So maybe the question makes more sense when asked the other way round – is it because French workers are prepared to consistently fight for their rights that they have won and retained such an enviable set of social protections?

That would certainly be the opinion of France's unions, whose mantra when asked about the inconvenience caused by strikes is that nothing is ever given for free and the rights that French people enjoy have all been fought for, often through the medium of strikes.

Unions in France have low membership – only about eight percent of the population are members of a union – but they wield great power.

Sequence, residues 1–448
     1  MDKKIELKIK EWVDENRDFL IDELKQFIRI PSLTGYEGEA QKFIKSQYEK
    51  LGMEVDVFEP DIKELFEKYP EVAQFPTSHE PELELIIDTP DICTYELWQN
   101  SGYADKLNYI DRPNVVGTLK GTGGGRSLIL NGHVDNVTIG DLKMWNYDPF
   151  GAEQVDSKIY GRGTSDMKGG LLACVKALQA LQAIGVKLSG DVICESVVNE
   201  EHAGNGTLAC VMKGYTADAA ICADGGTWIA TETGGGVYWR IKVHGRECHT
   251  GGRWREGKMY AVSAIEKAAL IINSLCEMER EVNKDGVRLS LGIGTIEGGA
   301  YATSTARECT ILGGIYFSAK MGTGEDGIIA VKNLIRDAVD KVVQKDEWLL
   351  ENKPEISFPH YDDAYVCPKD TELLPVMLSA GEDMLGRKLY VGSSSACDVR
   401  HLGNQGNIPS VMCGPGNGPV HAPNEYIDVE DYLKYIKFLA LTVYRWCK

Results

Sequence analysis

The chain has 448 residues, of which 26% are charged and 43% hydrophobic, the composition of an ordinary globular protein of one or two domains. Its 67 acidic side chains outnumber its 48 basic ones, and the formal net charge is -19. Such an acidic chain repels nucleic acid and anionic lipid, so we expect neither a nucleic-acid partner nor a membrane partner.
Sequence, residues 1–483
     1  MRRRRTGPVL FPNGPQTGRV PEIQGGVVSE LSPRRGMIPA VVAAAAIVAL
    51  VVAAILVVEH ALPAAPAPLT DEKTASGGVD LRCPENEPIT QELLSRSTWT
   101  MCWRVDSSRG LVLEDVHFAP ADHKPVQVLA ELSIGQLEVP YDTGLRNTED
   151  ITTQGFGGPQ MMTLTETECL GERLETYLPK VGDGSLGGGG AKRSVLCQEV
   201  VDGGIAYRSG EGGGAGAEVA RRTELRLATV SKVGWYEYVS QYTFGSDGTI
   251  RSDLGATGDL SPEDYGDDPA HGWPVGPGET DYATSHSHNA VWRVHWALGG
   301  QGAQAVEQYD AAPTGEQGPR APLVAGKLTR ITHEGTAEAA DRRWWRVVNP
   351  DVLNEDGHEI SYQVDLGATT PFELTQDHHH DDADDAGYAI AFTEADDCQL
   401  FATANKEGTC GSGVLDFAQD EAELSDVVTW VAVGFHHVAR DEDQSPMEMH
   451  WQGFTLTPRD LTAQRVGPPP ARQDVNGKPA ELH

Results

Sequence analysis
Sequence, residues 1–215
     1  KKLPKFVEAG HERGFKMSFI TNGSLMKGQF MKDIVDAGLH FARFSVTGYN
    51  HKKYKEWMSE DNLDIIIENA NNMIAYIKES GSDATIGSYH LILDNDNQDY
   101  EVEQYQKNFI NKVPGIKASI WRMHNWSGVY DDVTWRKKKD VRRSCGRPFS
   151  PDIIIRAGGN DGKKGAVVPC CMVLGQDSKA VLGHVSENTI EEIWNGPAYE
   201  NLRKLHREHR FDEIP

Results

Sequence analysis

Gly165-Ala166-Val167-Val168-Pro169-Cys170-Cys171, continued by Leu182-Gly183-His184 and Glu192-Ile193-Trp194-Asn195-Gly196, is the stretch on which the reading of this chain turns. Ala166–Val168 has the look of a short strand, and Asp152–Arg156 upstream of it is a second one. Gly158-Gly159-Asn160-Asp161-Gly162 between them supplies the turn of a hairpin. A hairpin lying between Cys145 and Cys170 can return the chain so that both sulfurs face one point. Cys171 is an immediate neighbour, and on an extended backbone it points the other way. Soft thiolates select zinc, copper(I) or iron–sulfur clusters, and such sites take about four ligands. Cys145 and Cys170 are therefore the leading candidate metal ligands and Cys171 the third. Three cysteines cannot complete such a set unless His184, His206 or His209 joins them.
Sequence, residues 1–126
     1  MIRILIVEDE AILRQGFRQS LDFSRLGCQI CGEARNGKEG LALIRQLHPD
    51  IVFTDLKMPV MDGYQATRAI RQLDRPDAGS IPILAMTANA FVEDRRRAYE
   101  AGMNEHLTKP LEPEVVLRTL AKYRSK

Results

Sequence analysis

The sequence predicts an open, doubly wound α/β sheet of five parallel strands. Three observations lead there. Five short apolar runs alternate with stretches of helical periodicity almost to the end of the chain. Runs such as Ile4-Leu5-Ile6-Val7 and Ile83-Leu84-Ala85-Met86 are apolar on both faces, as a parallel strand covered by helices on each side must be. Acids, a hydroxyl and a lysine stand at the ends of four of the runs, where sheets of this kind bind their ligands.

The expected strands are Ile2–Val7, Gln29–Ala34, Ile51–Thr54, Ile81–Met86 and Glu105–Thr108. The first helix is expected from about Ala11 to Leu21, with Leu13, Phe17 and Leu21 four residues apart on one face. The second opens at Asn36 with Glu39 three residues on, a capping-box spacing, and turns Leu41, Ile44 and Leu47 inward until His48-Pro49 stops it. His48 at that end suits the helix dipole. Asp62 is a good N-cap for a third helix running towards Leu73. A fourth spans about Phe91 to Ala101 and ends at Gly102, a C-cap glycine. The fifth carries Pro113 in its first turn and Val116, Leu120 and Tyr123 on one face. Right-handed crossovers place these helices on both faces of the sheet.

Under French law they play a role in running the country's health and social security system and in big companies union members represent all employees on powerful work councils that have a say in company matters.

The government knows that in certain sectors like transport, energy and education the unions can – and will – bring large parts of the country to a virtual standstill.

“Striking is the only means to obtain social progress in this country,” Benjamin Amar, political spokesman for the hardline CGT union told The Local.

“You have to use a bit of strong arming,” he said. 

French workers are also in general quite well aware that they have better social protections and benefits than many other workers, and some look to countries like the UK and the US as a cautionary tale.

READ ALSO 'Strikes are the only way to social progress in France'